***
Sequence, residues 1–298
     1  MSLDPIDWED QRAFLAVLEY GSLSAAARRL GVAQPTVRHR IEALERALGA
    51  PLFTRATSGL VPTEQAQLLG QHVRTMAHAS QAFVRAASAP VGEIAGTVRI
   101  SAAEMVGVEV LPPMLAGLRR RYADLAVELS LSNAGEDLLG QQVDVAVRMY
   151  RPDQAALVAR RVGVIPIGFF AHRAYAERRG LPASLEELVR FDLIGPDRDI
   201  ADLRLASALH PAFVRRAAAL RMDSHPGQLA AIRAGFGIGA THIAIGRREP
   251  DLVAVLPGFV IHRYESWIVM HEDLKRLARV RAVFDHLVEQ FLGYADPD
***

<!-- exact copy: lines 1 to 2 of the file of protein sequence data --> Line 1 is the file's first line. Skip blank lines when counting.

Sequence, residues 1–298
     1  MSLDPIDWED QRAFLAVLEY GSLSAAARRL GVAQPTVRHR IEALERALGA